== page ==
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July 04, 2024

The Giants and HBO's Hard Knocks: A look at how Saquon Barkley became a free agent

The Giants front office essentially dared the Eagles to sign Saquon Barkley – and they did.

Eagles NFL
Saquon-Barkley-Eagles-Run-2023 Vincent Carchietta/USA Today

Saquon Barkley, as a Giant

The New York Giants are the subject of HBO's Hard Knocks series, and the debut episode, which now shows more of the offseason as opposed to just training camp, featured a heavy dose of new Philadelphia Eagles running back Saquon Barkley.

I watched the episode in its entirety, transcribed the Barkley parts, and laid them out in chronological order below. I found it to be an interesting look at how a division rival came to the decision to let Barkley walk in free agency.

The discussion starts with whether the Giants should franchise tag Barkley at a little over $12 million. They don't want him on their roster at $12 million, and they're trying to figure out if another team would (a) take Barkley at that price, while also (b) giving up something in trade capital to get him. If the Giants tag him, can't trade him, and Barkley has already signed his franchise tag, then they'd be "stuck with him" at $12 million for the season.

The first scene was with general manager Joe Schoen and Director of Pro Scouting Chris Rossetti, who introduces the idea of franchise tagging Barkley and then trading him.

"Did Saquon have his best year? No, and I think he'd say that same thing," Rossetti said. "The other guys on the tag (Josh Jacobs, Tony Pollard) didn't either, but out of the guys, traits-wise, he had the most. Put him behind the Detroit offensive line, put him behind the Philly offensive line, there might be more value to another team, that they'd be willing to give up a pick or an asset to get him."

Interestingly, Rossetti identified the Eagles as a team likely to see Barkley as a potential impact player in their offense. 

In the next scene that isn't necessarily about Barkley, but is a tangential discussion related to him, Schoen is discussing the failings of the offensive line in front of Daniel Jones.

"The reality is, facts, (Jones had) three serious injuries in two years," Schoen said. "We need to protect ourselves. He didn't have much of a chance this year. That's legit. The four core guys who were going to play together played less than 60 snaps together. Against Miami, we had three f****** practice squad guys playing for us. You could have Pat Mahomes and he can't f****** win behind that.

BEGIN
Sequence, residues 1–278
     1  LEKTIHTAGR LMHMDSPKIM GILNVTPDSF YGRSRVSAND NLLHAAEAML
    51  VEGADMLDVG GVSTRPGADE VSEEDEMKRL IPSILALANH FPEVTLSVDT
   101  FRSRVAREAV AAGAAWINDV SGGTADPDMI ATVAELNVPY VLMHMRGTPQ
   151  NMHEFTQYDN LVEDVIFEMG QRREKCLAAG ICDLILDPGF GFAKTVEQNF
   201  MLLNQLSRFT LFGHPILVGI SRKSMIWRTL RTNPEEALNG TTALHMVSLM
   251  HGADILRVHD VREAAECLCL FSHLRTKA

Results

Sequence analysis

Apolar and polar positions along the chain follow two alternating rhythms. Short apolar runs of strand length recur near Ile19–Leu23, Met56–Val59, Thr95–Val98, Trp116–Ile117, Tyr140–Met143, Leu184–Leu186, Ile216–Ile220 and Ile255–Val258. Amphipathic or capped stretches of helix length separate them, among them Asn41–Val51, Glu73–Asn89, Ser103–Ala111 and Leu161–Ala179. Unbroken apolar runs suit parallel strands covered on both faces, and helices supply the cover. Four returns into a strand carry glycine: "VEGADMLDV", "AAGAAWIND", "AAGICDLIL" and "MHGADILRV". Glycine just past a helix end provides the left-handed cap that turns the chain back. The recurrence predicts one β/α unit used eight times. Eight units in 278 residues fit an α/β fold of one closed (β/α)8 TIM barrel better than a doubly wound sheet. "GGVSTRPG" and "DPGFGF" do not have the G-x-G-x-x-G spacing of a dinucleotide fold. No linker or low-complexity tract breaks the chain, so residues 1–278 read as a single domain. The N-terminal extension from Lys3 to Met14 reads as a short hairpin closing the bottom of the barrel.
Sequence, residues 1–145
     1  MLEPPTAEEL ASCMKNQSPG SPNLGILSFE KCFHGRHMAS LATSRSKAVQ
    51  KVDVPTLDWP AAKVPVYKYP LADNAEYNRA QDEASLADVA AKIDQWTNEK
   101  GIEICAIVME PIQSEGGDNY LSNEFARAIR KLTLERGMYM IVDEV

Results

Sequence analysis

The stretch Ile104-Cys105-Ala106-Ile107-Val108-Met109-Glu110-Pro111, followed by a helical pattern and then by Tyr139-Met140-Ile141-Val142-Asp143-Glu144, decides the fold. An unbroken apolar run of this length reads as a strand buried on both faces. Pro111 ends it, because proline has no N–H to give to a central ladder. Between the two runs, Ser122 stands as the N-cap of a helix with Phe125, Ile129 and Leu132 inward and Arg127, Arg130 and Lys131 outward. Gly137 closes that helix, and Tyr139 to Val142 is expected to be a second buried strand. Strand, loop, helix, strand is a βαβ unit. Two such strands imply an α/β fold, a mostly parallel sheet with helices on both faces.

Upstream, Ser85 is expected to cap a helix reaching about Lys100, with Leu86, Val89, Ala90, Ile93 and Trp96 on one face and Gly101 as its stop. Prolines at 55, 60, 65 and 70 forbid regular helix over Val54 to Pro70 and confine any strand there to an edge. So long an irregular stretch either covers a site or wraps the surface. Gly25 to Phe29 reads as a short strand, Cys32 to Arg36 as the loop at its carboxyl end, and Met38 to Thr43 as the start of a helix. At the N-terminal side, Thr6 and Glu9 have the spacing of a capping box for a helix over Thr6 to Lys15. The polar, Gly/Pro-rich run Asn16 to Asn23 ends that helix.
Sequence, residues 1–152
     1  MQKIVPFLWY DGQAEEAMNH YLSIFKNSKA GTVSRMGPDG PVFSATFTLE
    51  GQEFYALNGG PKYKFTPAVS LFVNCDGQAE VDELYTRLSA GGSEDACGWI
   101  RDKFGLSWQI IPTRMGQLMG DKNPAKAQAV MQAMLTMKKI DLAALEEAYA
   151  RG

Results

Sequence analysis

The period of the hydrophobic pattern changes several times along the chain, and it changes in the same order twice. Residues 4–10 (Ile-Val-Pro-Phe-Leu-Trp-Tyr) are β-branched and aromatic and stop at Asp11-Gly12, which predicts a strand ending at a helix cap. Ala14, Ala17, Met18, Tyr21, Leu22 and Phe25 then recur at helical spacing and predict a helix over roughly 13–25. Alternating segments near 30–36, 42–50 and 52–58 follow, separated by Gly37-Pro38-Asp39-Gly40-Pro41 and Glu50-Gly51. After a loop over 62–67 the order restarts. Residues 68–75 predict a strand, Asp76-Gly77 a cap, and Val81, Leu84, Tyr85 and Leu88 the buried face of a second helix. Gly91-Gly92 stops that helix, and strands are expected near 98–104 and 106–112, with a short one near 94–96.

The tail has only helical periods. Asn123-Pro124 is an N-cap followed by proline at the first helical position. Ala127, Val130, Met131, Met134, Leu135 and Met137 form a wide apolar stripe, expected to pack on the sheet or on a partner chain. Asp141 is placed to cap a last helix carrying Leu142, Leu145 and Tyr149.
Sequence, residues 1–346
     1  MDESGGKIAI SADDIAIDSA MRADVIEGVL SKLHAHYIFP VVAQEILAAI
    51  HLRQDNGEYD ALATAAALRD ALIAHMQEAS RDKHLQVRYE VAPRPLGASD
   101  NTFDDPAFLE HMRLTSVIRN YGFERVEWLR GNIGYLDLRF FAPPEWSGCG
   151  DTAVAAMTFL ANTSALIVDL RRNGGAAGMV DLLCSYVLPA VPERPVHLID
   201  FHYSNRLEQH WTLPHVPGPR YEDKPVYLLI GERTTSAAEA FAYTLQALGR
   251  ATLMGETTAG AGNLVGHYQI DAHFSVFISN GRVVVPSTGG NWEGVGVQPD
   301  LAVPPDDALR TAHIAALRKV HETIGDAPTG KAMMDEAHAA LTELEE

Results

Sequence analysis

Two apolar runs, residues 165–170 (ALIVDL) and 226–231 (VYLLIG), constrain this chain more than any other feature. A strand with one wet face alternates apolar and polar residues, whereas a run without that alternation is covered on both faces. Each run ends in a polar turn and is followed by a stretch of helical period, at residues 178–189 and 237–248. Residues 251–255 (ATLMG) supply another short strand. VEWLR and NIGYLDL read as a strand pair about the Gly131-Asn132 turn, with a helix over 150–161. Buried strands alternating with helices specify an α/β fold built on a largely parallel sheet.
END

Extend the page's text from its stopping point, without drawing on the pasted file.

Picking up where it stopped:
"I'm not giving up on him. He's under contract for three more years. Just protecting ourselves because the best predictor of the future is the past."

Lol. Stop. First of all, don't even bring Mahomes' name into the equation.

But also, this is Schoen's third offseason as the general manager of the team. He's blaming the pitfalls of the offense on a bad offensive line, but the reality is that the O-line's best player, LT Andrew Thomas, was a Dave Gettleman draft pick.

The rest of the starters last season were all brought in by Schoen, and two of his acquisitions — Mark Glowinski as a high-priced free agent and Evan Neal as the seventh overall pick in the 2022 draft — were both huge misses.

He also seems to be blaming injuries along the offensive line, which might make for a better argument if they weren't awful from the start of the season, when Daniel Jones took an absolute beating in a 40-0 Week 1 loss to the Cowboys.

Anyway, continuing on, we see Schoen discussing running backs with former player Frank Gore and NFL agent Malki Kawa at the East-West Shrine Game.

Gore: "Do y'all care about guys who are coming out older?"

Schoen: "Depending on the position. Quarterback, I don't care. How much wear and tear do you have? I mean, you look at Saquon. Saquon had 900 carries at Penn State, plus six years in the NFL, you have to start saying, bang for your buck. 

Kawa: "Am I right or wrong? At age 27, you start to look at it like running backs after that, does their speed...

Schoen: "Yeah, the data says that."

Gore: "He's very talented."

Schoen: "He is. Yeah, I don't know. We tried to get something done last year and we weren't able to. We could franchise Saquon again for 12 (million) this year." 

To begin, it's funny that Schoen doesn't recognize his audience here. He's talking about 27-year-old backs like they're geriatrics to a guy in Gore who played in the NFL until he was like 60 years old (estimated). Gore was having none of it, stating, "He's very talented."  

Schoen notes that he could tag Barkley, but it's pretty clear by now that he has made up his mind that he won't. He then debriefs owner John Mara on his plan for Barkley.

Schoen: "March 5th is the franchise tag deadline. We just met about it, because we're not going to franchise him, like it doesn't make any sense to franchise him."

Mara: "Unless you think you can trade him after."

Schoen: "Right, and then could we get something and trade him, what are we really gonna get unless it got down to like $7 million? And I don't want to offer that, because I don't want to be like (air quotes) we disrespected him. There's 31 teams. It only takes one to maybe being open to doing something. If it doesn't get to that, we're going to do the right thing. We're going to let you hit free agency, find out your market, come back, and let us know if we can match it. If we can we'll have discussions."